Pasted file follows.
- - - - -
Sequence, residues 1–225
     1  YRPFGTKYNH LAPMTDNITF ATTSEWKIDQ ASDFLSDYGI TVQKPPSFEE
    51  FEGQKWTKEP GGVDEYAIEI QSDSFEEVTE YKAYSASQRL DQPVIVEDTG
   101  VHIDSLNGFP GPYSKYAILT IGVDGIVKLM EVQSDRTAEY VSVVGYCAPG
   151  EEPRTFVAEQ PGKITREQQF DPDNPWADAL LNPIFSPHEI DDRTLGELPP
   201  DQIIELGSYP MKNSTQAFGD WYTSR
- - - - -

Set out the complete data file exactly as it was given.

Sequence, residues 1–225
     1  YRPFGTKYNH LAPMTDNITF ATTSEWKIDQ ASDFLSDYGI TVQKPPSFEE
    51  FEGQKWTKEP GGVDEYAIEI QSDSFEEVTE YKAYSASQRL DQPVIVEDTG
   101  VHIDSLNGFP GPYSKYAILT IGVDGIVKLM EVQSDRTAEY VSVVGYCAPG
   151  EEPRTFVAEQ PGKITREQQF DPDNPWADAL LNPIFSPHEI DDRTLGELPP
   201  DQIIELGSYP MKNSTQAFGD WYTSR